Senators Collins, Shaheen Introduce Bill to Authorize $25 Million to Support Peer Networks Responding to Opioid Addiction

At a hearing this week, Senator Collins hailed the peer-to-peer group Bangor Area Recovery Network as a ‘model’ for substance abuse treatment

Washington, D.C. - U.S. Senator Susan Collins (R-ME) and Jeanne Shaheen (D-NH) introduced the Opioid Peer Support Networks Act of 2018 to address multiple aspects of the heroin and opioid abuse epidemic that is harming communities and families across the country.  This bipartisan legislation would foster the creation of peer support networks, also known as communities in recovery, and provide them with the resources and training they need to succeed.

“Peer support networks engage individuals who are in recovery with other peers facing substance use disorders, helping to provide long-term support,” said Senator Collins.  “The Opioid Peer Support Networks Act would bring critical training and assistance to these on-the-ground peer-to-peer networks and help build up these important recovery support systems.”


“The understanding and motivation that peer-based recovery support programs provide for those in need of assistance have been proven to be effective,” said Senator Shaheen. “This bipartisan bill provides additional resources for these programs and will help Congress build on the progress we’ve already made to direct funding to address the opioid epidemic. The Granite State has the third highest drug overdose death rate in the nation – we must use every tool available to save lives and end this scourge.”


Peer support networks are a group of two or more independent nonprofit organizations that provide long-term non-clinical recovery support for substance use disorders.  Within these networks, individuals and families battling addiction help one another stay on the road to recovery, assisting with employment, education, housing, health, and overall wellbeing.


At a Senate Health Committee hearing this week on the opioid and heroin abuse epidemic, Senator Collins hailed the importance of peer-to-peer recovery groups like the Bangor Area Recovery Network (BARN) in treating those struggling with substance abuse.  BARN is a Brewer-based, volunteer-led organization founded in 2008 that provides support to individuals recovering from addiction as well as their families. 


“We strongly support Senator Collins’ efforts in introducing new bills to respond to our nation’s significant substance abuse epidemic, especially in support of peer-to-peer recovery groups.  This is a complex issue on a variety of fronts that requires significant investment in enforcement, treatment, education, and recovery,” said Jennifer Morin, Chair of BARN.  “To date, recovery has been the realm that has received the least amount of funding support and is, in our opinion, a very critical piece in ultimately reducing demand through sustained recovery allowing individuals to lead healthy lives and to become productive members of their community.”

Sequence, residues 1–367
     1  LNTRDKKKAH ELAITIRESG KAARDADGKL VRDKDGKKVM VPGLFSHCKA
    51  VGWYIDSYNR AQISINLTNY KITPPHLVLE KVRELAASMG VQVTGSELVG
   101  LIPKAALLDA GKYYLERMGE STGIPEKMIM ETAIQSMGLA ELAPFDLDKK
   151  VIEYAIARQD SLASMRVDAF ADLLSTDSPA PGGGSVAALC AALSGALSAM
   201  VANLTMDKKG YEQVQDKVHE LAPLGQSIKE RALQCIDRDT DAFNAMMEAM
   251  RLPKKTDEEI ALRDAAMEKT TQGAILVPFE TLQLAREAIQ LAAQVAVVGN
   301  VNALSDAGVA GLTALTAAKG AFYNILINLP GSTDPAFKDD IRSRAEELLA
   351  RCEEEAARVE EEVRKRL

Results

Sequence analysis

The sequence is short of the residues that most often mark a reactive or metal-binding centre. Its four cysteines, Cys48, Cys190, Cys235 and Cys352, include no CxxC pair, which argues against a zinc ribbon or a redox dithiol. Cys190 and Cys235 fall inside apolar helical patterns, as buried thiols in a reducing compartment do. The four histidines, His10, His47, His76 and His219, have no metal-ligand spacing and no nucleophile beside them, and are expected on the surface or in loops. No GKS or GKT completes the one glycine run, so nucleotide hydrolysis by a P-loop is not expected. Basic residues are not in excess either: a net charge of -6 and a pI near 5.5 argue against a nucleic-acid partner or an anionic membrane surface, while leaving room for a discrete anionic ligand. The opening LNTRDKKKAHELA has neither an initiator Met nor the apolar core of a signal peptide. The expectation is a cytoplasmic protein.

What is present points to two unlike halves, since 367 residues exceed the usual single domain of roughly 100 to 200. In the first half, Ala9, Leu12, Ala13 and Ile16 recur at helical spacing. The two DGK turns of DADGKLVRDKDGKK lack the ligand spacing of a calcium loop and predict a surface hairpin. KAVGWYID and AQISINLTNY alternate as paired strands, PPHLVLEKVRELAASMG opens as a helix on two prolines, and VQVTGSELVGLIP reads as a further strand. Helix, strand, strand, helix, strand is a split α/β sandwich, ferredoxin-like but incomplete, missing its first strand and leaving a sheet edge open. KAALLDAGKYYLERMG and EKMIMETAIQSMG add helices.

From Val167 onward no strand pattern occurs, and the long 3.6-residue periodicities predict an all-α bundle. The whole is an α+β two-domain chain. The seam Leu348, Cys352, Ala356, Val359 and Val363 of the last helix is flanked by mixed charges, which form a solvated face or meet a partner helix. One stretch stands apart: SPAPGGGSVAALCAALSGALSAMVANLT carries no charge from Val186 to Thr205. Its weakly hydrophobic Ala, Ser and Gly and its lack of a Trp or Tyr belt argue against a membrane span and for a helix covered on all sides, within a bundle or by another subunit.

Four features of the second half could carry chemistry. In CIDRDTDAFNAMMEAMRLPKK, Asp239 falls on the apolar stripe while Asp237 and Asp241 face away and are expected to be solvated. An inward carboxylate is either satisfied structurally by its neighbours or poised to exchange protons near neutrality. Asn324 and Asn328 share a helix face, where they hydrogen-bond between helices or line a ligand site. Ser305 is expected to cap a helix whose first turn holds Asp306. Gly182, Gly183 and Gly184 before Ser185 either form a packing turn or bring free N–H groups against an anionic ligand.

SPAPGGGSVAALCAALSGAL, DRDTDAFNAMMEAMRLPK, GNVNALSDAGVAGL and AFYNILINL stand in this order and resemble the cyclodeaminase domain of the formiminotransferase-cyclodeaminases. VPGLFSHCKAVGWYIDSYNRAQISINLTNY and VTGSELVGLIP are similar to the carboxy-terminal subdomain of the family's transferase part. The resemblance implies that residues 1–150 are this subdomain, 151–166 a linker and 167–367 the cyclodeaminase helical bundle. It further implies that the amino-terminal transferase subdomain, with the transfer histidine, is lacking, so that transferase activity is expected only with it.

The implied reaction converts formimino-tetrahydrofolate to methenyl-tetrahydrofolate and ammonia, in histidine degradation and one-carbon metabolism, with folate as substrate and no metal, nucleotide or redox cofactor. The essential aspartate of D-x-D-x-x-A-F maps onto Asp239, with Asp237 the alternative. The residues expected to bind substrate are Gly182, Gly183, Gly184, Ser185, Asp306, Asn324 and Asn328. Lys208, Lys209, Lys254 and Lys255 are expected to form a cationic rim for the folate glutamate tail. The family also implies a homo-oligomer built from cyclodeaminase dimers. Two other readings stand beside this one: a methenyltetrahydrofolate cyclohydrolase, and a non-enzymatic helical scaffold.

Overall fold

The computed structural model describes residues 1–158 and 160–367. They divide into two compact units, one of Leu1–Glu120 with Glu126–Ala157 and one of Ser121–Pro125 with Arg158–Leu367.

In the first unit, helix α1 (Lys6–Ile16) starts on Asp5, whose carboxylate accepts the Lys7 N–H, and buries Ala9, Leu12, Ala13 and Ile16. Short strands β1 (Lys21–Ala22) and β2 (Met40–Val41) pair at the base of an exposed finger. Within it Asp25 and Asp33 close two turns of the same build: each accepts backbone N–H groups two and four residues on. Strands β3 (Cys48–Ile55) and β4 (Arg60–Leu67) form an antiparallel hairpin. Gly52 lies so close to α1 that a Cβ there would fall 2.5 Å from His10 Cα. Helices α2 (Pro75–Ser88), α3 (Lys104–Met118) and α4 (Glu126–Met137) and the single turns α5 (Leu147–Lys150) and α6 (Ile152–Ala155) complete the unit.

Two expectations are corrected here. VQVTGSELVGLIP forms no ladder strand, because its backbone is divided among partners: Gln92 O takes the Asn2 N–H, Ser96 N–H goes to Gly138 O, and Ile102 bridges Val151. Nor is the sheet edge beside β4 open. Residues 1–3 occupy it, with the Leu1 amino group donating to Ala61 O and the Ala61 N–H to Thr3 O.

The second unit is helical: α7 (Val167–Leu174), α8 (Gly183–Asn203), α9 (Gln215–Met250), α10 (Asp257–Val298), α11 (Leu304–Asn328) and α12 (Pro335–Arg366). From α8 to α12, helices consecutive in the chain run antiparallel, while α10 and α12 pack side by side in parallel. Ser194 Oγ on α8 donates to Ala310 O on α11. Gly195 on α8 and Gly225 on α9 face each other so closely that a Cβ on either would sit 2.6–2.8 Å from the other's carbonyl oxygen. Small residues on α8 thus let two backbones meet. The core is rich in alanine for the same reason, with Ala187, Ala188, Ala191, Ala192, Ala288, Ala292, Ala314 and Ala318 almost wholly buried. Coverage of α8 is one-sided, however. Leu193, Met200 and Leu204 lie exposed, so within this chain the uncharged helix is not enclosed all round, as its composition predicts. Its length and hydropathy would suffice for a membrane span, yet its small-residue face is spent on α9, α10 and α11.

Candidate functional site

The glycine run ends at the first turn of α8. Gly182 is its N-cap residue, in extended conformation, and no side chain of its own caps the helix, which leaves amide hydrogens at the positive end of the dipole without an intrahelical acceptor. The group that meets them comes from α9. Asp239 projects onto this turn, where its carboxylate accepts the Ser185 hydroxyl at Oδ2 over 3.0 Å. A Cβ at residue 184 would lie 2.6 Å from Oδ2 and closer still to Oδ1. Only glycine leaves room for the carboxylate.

“This bill will be a game changer for the network of recovery community organizations across the nation!  We, at Faces & Voices of Recovery, thank Senators Collins and Shaheen for believing in the power of the recovery community to be part of the solution to the addiction crisis facing our communities,” said Patty McCarthy Metcalf, Executive Director of Faces & Voices of Recovery.  “The peer-run training center will take recovery to the next level with the evidence that boots-on-the-ground peer recovery support services saves lives. We wholeheartedly support this bill and urge Congress to pass it quickly!”


Addiction Policy Forum, another national group committed to solving the opioid abuse epidemic, also gave their support for the Senators’ bipartisan bill.


The Opioid Peer Support Networks Act of 2018 would:


  • Build connections to behavioral health providers, primary care providers and physicians,  employers, housing services, educational and vocational schools, the criminal justice system, child welfare agencies, and other recovery support services that facilitate recovery from substance use disorders;


  • Conduct outreach to help families and communities support individuals struggling with addiction, reduce the stigma associated with substance use disorders, and support long-term recovery; and


  • Establish a National Peer Run Training and Technical Assistance Center for Addiction Recovery Support, through a SAMHSA grant. This Center would provide the Peer Support Networks with training, technical assistance, evaluation, research, translation, and capacity building products, as well as annual guidance on best practices.


Grants would be awarded for up to three years, and the Secretary would be required to take into consideration the relative proportion of awards among rural and urban areas, with at least 50 percent of grants provided to rural areas. The bill would authorize $25,000,000 for each of fiscal years 2019 through 2022.


The Opioid Peer Support Networks Act of 2018 is one of three bipartisan bills Senator Collins introduced this week to help reverse the heroin and opioid abuse crisis that is fueling an explosive increase in overdose deaths.


A one-pager on the can be found HERE.


The text of the bill can be found HERE.